Issues and Party Alignments: A Review with Canadian Examples

Part of the International Studies in Economics and Econometrics book series (ISEE, volume 28)


This paper reviews some theory on the role of issues in the maintenance and disruption of party alignments and applies the theory to two realignments, 1896-1900 and 1957-63, of the Canadian system. It argues that the multidimensionality which is typical of electoral choice helps explain the tendency of parties to abandon the median. This in turn helps explain why social differences in party preference exist and it also sheds light on how alignments can change rapidly. It less helpful in accounting for the indefinite persistence of such group differences. An implication is that an alignment’s persistence requires implicit agreement, including between parties, to restrict the agenda.

TIlis paper takes on two complementary tasks. It begins with a review of theory on the role of issues in the maintenance and disruption of party alignments. It ends with an account of two realignments in the Canadian system.

The history and the theory inform each other: the Canadian examples illustrate points in the theoretical review, but the theory allows the paper to propose novel interpretations of those same events.

The literature inspired by Downs (1957) on issues in elections seems hard to square with the very idea of party alignment. The dominant result emphasizes the pivotal role of the median voter and yields a competition between parties which should evoke little or no social differentiation in electoral response, except to the extent that actors apart from the mass electorate, activists, constrain their respective parties. The dominance of the median in these models seems to rest on the assumption that the issue arena has only one dimension.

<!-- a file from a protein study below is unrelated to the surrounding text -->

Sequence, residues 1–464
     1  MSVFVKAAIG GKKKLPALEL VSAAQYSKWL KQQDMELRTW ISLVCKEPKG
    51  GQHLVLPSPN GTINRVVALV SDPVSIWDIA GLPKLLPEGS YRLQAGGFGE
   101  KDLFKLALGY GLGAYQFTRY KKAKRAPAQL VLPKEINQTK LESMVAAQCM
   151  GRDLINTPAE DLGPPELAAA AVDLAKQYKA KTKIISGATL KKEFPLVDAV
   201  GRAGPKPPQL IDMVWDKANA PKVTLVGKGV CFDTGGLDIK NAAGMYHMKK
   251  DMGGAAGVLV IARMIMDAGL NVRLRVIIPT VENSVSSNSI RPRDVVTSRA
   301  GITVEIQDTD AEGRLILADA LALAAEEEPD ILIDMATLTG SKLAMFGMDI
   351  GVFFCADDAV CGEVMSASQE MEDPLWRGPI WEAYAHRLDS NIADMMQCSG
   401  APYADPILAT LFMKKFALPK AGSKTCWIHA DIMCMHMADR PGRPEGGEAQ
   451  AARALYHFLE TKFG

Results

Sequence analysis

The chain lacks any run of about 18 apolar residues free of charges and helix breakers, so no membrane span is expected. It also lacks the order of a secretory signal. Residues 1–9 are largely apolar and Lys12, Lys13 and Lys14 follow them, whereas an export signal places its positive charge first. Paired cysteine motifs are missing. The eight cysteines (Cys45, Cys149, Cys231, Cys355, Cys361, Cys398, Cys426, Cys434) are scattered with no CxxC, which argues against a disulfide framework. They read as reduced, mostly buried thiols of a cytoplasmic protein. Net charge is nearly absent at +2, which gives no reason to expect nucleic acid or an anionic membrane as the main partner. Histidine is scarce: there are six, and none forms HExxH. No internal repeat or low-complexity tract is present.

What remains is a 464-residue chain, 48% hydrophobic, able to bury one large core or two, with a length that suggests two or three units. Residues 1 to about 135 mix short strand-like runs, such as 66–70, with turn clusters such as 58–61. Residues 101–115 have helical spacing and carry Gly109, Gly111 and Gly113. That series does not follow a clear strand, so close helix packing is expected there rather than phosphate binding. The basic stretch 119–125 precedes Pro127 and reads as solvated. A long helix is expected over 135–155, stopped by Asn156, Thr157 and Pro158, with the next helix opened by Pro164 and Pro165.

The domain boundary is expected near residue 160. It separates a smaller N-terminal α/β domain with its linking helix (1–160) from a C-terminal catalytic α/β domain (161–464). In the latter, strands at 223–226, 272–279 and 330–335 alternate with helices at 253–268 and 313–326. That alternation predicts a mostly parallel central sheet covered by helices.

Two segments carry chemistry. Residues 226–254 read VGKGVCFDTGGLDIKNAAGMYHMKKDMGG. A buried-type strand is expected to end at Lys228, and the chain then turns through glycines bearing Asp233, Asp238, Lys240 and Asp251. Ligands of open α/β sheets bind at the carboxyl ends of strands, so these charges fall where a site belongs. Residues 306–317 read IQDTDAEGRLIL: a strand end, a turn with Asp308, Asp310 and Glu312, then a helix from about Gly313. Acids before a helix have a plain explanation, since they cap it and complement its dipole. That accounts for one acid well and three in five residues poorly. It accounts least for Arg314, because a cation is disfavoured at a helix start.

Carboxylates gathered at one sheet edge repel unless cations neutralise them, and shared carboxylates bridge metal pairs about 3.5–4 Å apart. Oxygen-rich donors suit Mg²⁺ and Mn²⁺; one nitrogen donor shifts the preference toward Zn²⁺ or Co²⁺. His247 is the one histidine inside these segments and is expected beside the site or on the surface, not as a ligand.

The reality of mass elections includes parties, even Canadian ones, whose bases are differentiated. The social differences in questioncommonly persist for many decades. But the history of party systems is also punctuated by realignments, changes in the base of the system, some of the most profound of which have occurred very quickly. Large and rapid change can be accommodated to issue voting models by expanding the number of issue dimensions in play, an insight we owe to Riker (1982). But expanding the dimensionality of the game makes the task of explaining the endurance of alignments harder. Again, we are forced to consider factors outside the mass electorate.

Working through the theory will help us identify the ways in which an alignment can be disrupted. The Canadian examples will illustrate two of these mechanisms in action.


Ideal Point Median Voter Party System Condorcet Winner American Political Science Review 
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© Springer Science+Business Media New York 1993

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